Traumatic brain injury in England and Wales: prospective audit of epidemiology, complications and standardised mortality.

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Lawrence, T 
Bouamra, O 
Woodford, M 
Lecky, F 

OBJECTIVES: To provide a comprehensive assessment of the management of traumatic brain injury (TBI) relating to epidemiology, complications and standardised mortality across specialist units. DESIGN: The Trauma Audit and Research Network collects data prospectively on patients suffering trauma across England and Wales. We analysed all data collected on patients with TBI between April 2014 and June 2015. SETTING: Data were collected on patients presenting to emergency departments across 187 hospitals including 26 with specialist neurosurgical services, incorporating factors previously identified in the Ps14 multivariate logistic regression (Ps14n) model multivariate TBI outcome prediction model. The frequency and timing of secondary transfer to neurosurgical centres was assessed. RESULTS: We identified 15 820 patients with TBI presenting to neurosurgical centres directly (6258), transferred from a district hospital to a neurosurgical centre (3682) and remaining in a district general hospital (5880). The commonest mechanisms of injury were falls in the elderly and road traffic collisions in the young, which were more likely to present in coma. In severe TBI (Glasgow Coma Score (GCS) ≤8), the median time from admission to imaging with CT scan is 0.5 hours. Median time to craniotomy from admission is 2.6 hours and median time to intracranial pressure monitoring is 3 hours. The most frequently documented complication of severe TBI is bronchopneumonia in 5% of patients. Risk-adjusted W scores derived from the Ps14n model indicate that no neurosurgical unit fell outside the 3 SD limits on a funnel plot. CONCLUSIONS: We provide the first comprehensive report of the management of TBI in England and Wales, including data from all neurosurgical units. These data provide transparency and suggests equity of access to high-quality TBI management provided in England and Wales.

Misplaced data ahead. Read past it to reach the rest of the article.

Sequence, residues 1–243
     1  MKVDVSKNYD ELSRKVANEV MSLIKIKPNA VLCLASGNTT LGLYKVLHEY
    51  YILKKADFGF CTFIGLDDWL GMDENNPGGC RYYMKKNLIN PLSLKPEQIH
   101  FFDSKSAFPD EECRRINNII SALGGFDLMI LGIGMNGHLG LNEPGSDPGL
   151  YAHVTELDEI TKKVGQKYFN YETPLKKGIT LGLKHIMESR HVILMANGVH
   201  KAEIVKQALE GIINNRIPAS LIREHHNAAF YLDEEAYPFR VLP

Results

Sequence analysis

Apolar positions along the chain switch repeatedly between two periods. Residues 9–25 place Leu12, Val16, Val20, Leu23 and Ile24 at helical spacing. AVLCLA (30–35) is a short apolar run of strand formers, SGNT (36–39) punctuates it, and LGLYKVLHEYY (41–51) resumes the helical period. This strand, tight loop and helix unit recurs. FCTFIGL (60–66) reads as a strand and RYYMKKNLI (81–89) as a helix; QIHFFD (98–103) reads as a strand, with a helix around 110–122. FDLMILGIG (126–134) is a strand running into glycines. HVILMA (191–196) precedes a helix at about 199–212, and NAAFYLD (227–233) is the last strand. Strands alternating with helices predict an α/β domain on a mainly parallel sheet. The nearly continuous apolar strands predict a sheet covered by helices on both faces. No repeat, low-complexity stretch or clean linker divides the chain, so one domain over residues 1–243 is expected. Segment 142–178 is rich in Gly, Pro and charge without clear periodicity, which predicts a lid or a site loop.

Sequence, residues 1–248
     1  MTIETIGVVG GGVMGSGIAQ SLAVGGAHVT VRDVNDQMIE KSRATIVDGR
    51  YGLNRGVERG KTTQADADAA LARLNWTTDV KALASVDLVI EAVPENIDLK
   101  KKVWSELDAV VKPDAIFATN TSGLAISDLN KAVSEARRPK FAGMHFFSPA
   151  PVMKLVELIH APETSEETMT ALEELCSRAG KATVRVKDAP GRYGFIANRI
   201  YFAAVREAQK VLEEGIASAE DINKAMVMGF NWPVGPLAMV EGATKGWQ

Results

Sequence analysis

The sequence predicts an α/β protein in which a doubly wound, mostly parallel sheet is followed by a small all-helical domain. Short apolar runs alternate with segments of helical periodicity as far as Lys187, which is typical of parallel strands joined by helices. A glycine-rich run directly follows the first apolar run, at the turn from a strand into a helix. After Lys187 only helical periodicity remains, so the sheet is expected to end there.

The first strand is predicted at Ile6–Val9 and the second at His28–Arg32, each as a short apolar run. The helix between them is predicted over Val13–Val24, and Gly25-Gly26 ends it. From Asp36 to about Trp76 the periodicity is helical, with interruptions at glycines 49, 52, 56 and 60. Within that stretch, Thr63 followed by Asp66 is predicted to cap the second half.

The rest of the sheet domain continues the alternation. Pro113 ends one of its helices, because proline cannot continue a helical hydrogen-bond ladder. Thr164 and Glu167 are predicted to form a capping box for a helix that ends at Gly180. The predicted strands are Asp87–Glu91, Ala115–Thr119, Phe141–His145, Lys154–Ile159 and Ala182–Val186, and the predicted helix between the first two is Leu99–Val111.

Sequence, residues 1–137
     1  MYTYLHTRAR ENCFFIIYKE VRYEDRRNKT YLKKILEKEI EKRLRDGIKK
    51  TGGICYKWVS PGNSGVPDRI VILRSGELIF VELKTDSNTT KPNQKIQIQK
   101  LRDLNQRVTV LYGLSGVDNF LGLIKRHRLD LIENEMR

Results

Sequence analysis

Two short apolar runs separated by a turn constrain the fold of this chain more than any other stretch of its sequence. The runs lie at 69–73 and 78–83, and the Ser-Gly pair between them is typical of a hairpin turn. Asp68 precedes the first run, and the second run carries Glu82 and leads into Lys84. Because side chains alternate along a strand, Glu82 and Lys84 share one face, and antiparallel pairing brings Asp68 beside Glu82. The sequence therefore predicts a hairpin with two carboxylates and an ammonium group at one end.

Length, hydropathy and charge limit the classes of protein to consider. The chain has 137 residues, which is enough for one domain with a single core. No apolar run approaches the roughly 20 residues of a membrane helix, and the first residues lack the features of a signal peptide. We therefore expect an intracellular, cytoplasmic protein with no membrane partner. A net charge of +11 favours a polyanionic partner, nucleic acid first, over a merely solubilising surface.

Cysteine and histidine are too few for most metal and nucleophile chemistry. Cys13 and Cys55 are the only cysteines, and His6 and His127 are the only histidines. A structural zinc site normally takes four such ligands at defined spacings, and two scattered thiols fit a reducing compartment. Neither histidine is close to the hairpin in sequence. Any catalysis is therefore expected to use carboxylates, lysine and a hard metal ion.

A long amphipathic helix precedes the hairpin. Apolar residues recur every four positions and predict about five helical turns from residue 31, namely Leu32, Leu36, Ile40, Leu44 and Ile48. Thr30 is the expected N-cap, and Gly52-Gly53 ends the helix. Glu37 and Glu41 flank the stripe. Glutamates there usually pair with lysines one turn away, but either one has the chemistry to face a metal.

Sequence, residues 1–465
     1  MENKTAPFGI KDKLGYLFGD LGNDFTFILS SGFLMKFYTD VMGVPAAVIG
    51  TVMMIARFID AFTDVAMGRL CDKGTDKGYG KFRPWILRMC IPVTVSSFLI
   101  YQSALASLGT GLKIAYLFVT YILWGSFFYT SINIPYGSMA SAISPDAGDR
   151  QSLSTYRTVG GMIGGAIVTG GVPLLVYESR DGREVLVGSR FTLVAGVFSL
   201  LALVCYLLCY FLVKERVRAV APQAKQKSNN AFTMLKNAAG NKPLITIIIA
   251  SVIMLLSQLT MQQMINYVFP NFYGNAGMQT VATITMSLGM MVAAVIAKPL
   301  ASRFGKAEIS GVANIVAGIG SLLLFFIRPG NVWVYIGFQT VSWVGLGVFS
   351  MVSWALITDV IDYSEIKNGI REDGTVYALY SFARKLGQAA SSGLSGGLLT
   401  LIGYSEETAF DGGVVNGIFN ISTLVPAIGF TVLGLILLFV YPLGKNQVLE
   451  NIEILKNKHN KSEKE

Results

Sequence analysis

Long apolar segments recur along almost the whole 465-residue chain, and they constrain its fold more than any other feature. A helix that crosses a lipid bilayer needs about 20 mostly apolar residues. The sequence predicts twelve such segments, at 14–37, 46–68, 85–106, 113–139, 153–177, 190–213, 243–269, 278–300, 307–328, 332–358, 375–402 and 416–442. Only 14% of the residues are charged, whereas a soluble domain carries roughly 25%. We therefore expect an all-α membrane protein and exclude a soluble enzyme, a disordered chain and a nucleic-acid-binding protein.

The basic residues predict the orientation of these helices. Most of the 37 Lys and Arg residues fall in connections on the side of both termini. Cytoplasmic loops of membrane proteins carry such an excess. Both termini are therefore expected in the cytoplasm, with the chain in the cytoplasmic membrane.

ACCIDENT & EMERGENCY MEDICINE, NEUROSURGERY, TRAUMA MANAGEMENT, Accidental Falls, Accidents, Traffic, Adolescent, Adult, Aged, Aged, 80 and over, Brain Injuries, Traumatic, Bronchopneumonia, Child, Child, Preschool, Comprehension, Craniotomy, Disease Management, England, Female, Glasgow Coma Scale, Humans, Infant, Infant, Newborn, Length of Stay, Logistic Models, Male, Middle Aged, Multivariate Analysis, Patient Transfer, Prognosis, Prospective Studies, Registries, Severity of Illness Index, Wales, Young Adult
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BMJ Open
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Medical Research Council (G0802251)
Medical Research Council (G1002277)
TCC (None)
AH is supported by the University of Cambridge, UK and Medical Research Council/Royal College of Surgeons of England Clinical Research Training Fellowship (Grant no. G0802251). P.J.H. is supported by National Institute for Health Research Professorship, Academy of Medical Sciences/Health Foundation Senior Surgical Scientist Fellowship and the National Institute for Health Research Biomedical Research Centre, Cambridge.